Soccer captivates like no other sport
There are some who may not understand its attraction, but in most of the world the success of the game has been phenomenal
As we celebrate the start of the English Premier League season this weekend, do please spare a sympathetic thought for salty seadog, Robin Knox-Johnston.
In 1968, Knox-Johnston, 74, was (if you are not in the know) the first man to complete a single-handed, non-stop circumnavigation of the globe.
He is up there with Magellan and Cheung Chau's San-San in the sailing pantheon, championing as he now does various ocean-going challenges.
But this most successful of seafarers is in a gale-force flap with soccer and its dominance on our TV screens, newspapers, radio waves, websites and general day-to-day existence.
He claimed this week the British mainstream media was failing to give sailing sufficient coverage, and what air-time was afforded promoted his maritime sport as "elitist".
He accused us sport-loving islanders of "sea blindness" in a savage letter to Yachting World, the magazine of preference for those who like to splice the main brace or fly a spinnaker instead of watching our beloved game at weekends.
He pointed to last weekend's Charity Shield as a prime example.
As 350 yachts set sail from the Isle of Wight at the start of the gruelling 88-year-old Fastnet race (an annual and often death-defying voyage to a remote lump of Atlantic rock and back), the media duly ignored the derring-do on the foaming brine and instead focused on Man Utd putting Wigan to the sword on Wembley's calm turf.
Sailing is one of the "largest and most successful sports in the country" and the dearth of coverage was tantamount to mutinous treason, Knox-Johnston implied in his withering fire. Sailing is open to all, he declared, "whether a bricklayer or duke".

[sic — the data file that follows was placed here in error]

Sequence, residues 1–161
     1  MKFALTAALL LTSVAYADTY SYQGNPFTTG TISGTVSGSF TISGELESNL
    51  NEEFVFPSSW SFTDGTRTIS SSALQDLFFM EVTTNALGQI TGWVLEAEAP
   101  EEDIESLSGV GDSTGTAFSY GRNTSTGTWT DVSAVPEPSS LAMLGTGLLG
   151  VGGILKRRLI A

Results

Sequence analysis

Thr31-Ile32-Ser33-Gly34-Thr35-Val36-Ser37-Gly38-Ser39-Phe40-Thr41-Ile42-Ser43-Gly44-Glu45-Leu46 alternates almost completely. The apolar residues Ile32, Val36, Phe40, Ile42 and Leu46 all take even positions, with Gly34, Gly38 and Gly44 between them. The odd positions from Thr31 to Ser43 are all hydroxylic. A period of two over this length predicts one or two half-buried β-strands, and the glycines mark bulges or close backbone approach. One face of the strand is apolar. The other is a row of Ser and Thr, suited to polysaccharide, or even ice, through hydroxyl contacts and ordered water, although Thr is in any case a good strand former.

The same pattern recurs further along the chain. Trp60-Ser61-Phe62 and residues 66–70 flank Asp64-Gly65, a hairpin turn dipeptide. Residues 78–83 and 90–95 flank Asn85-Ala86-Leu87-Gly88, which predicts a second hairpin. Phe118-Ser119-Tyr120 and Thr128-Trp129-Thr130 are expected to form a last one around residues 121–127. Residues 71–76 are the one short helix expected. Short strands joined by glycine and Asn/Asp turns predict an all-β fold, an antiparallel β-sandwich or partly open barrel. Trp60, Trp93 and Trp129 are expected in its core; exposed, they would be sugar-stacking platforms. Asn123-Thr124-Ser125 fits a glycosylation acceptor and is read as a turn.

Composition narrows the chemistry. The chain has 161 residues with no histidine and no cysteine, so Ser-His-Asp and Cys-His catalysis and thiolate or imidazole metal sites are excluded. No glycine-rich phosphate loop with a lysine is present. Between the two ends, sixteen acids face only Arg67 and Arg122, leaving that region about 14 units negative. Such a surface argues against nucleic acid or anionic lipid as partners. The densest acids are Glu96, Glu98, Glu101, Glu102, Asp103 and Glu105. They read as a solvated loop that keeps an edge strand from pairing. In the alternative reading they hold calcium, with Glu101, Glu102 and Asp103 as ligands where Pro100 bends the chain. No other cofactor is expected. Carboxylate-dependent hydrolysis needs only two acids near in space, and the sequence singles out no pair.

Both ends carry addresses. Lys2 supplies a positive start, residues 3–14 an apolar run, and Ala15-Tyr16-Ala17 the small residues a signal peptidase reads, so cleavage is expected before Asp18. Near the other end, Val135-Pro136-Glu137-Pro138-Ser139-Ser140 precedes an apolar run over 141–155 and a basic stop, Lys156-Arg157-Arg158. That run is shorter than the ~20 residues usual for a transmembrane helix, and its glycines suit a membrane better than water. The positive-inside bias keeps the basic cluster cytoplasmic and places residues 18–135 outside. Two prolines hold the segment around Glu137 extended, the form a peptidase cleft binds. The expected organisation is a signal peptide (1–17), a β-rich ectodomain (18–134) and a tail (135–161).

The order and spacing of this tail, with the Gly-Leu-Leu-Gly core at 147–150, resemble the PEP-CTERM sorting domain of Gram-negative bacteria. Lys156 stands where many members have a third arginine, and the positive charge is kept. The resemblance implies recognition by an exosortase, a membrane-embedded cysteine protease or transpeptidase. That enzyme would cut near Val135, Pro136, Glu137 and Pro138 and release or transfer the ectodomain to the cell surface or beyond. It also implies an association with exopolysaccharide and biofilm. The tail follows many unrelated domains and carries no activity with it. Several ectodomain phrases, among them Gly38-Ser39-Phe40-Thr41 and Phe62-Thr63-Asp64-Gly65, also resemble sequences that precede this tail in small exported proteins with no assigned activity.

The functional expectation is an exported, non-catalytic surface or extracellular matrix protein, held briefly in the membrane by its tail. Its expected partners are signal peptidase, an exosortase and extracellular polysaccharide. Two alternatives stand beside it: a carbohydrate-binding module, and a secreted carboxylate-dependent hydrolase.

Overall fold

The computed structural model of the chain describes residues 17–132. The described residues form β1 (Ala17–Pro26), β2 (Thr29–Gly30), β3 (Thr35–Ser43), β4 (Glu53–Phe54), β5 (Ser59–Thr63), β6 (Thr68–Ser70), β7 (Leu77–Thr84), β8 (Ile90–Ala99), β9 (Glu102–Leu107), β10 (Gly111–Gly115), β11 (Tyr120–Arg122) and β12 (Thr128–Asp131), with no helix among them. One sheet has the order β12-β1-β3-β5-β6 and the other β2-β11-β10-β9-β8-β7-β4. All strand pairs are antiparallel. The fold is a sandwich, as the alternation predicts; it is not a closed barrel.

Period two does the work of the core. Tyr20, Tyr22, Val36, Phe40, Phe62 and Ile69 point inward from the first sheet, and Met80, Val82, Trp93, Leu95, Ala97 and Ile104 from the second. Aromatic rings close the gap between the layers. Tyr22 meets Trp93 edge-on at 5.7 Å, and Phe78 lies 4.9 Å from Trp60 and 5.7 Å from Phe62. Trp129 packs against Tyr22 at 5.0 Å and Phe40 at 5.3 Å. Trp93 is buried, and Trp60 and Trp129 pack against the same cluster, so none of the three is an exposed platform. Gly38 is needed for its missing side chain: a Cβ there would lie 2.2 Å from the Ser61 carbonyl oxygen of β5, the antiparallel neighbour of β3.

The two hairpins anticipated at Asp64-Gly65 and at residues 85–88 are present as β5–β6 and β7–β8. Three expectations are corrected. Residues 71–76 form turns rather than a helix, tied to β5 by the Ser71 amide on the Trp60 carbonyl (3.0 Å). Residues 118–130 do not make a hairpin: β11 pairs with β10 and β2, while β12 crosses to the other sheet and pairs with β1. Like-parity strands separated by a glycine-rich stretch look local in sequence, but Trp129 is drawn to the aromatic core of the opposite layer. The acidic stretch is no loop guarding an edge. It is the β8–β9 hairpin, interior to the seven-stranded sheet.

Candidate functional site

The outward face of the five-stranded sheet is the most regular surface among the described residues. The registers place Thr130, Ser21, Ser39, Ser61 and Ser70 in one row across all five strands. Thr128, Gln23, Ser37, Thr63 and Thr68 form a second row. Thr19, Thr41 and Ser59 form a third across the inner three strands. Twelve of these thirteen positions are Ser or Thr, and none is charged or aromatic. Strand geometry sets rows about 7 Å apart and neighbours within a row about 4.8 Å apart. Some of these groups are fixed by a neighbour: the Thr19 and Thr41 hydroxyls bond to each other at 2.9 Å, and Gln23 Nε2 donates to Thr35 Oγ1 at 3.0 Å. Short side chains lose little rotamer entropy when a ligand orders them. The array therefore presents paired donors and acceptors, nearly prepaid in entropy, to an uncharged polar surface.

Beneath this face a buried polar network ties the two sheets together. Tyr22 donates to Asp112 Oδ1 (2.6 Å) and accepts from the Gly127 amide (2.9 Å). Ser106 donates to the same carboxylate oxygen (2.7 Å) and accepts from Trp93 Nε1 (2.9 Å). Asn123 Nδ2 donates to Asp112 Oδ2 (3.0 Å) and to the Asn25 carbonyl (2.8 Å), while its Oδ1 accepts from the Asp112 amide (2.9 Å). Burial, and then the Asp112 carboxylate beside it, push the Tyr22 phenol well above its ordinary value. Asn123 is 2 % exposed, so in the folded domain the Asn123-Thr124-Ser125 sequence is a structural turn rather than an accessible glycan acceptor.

Knox-Johnston is among a growing chorus of sporting heroes and cultural commentators who believe soccer has become too big for its boots and is vulgarly monopolising our sporting and public spheres.
The coverage smothers minority disciplines, threatening to turn them into museum exhibits, goes their argument. And just why do so many watch soccer, they wonder aghast.
After all, never mind the Rolex-attired yachties down on their 50-footers sipping gin-fizzes from lead crystal tumblers under the mizzen.
Surely soccer has become elitist and boorish, what with its petulant multi-millionaire players, shady agents and all its inherent hangers-on, a motley crew who loudly ooze reversed snobbery and tattooed ignorance by the bucket load.
Indeed, ticket prices and match-day travel nudge annually toward eye-watering and unaffordable levels for us ever-squeezed fans.
A once innocent father-and-son day out with scarves dangling from necks and programmes stuffed into rear pockets, cold pies and tepid beverages balanced in hands, will cost you as much as a champagne high tea at the Ritz,
Then there's Fifa's well-documented palm-greasing and the general gross management of many continental and domestic associations to further illustrate a sport riddled with rottenness.